Happy Birthday Boris Karloff

Today is Boris Karloff‘s 127th birthday.  I first learned about him through a book I was reading as a kid called “The Three Investigators Mystery of Terror Castle.”  They are a series of books a lot like the Hardy Boys, but set in the Los Angeles area in the 1940’s.  The Terror Castle one is the first in the series and centers around the mysterious goings-on at the abandoned Hollywood mansion of a silent movie monster actor.  Shortly after reading that book, my mom must have shown me one of his movies and I connected them in my head.  The world is a better place because Boris was in it and still feels the loss that Boris has left.

 

NAME: Boris Karloff
OCCUPATION: Film Actor
BIRTH DATE: November 23, 1887
DEATH DATE: February 02, 1969
EDUCATION: London University
PLACE OF BIRTH: London, England
PLACE OF DEATH: England
Originally: William Henry Pratt

Best Known For:  Boris Karloff was an English-born actor whose name became synonymous with horror movies.

Actor. Film star Boris Karloff, whose name became synonymous with the horror genre, was born William Henry Pratt in London, England, on November 23, 1887. He studied at London University, then went to Canada and the United States, aiming become a diplomat like his father, and became involved in acting.

Karloff spent 10 years in repertory companies, went to Hollywood, appearing in forty five silent films for Universal Studios, among them The Last of the Mohicans, Forbidden Cargo and an installment in the popular Tarzan series. When Bela Lugosi refused to take a role in which he would have his face hidden by makeup and have no lines, the role of The Monster in 1931’s Frankenstein went to Karloff. His tender, sympathetic performance received enormous critical praise and he became an overnight sensation.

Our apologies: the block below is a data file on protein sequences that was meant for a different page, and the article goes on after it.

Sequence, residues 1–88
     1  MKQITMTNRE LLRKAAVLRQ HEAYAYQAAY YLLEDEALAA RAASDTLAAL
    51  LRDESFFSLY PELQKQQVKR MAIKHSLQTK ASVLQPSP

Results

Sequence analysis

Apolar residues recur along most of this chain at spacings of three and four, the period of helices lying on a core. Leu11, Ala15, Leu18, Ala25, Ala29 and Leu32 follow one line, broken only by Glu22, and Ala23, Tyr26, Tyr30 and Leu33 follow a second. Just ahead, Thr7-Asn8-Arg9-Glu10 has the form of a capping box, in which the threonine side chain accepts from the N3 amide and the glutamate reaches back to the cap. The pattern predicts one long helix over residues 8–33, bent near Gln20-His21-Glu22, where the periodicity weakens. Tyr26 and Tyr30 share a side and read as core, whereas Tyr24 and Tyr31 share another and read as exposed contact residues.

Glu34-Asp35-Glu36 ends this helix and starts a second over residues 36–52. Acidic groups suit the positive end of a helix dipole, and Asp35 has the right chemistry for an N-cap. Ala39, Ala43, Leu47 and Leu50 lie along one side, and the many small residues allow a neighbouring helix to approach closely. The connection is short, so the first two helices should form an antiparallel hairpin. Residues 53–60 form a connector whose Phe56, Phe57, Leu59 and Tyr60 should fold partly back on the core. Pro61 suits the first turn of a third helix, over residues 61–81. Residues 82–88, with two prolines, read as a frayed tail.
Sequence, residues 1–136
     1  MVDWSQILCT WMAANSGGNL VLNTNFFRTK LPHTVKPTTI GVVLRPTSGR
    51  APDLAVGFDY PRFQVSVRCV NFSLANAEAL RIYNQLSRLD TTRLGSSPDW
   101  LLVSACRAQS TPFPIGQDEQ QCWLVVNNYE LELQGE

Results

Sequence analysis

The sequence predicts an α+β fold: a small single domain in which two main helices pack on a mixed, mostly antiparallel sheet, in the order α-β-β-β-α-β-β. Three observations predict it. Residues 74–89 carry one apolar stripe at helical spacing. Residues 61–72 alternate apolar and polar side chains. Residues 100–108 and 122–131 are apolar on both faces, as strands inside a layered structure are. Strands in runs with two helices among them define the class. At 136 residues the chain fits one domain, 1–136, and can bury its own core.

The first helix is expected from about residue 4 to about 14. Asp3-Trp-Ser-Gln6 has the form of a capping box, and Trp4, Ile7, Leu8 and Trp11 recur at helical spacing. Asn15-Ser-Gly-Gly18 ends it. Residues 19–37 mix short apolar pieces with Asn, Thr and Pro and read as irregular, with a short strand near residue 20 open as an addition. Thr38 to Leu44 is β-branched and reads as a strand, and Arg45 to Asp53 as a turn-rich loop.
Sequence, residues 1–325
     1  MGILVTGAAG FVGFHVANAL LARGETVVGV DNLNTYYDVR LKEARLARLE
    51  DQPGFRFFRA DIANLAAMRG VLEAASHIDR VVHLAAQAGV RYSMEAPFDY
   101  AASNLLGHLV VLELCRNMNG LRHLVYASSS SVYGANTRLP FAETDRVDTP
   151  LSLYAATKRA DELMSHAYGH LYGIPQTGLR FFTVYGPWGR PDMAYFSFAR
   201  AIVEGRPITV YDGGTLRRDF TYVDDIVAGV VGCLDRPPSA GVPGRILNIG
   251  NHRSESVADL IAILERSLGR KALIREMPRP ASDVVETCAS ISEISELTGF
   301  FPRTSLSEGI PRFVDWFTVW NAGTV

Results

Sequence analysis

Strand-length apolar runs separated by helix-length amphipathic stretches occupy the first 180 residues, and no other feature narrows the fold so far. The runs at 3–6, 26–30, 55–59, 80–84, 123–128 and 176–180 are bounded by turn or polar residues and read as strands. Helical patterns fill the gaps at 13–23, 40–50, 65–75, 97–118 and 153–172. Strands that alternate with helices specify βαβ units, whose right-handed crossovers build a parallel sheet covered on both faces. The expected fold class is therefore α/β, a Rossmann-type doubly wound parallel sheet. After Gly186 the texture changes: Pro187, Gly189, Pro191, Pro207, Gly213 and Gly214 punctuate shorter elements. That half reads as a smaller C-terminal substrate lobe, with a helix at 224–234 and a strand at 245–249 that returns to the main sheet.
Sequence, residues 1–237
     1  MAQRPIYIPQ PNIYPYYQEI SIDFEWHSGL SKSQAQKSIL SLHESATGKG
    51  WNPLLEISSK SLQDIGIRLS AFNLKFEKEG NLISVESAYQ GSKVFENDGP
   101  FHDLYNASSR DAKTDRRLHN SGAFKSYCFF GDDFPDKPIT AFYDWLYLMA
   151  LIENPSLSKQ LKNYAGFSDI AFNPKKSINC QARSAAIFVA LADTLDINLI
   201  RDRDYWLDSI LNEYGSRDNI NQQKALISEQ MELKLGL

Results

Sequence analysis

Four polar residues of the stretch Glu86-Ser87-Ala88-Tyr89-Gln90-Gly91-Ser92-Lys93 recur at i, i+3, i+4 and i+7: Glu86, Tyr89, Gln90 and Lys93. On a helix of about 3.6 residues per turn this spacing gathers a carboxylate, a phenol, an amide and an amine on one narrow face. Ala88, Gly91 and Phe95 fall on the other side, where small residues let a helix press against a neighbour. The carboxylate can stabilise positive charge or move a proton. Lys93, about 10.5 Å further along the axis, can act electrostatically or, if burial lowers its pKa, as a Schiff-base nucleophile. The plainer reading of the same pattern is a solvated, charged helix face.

“The monster was the best friend I ever had.” – Boris Karloff

Apart from a notable performance in a World War I story, The Lost Patrol (1934), his career was mostly spent in popular horror films. His performances frequently transcended the crudity of the genre, bringing, as in Frankenstein, a depth and pathos to the characterization.

He is also well known for providing the voice to the 1966 cartoon version of How the Grinch Stole Christmas.

Karloff was known within the film industry for his great kindness and gentleness of manner; he was also central to the foundation of the Screen Actors Guild. After battling emphysema for a number of years, Boris Karloff died at his home in England on February 2, 1969.

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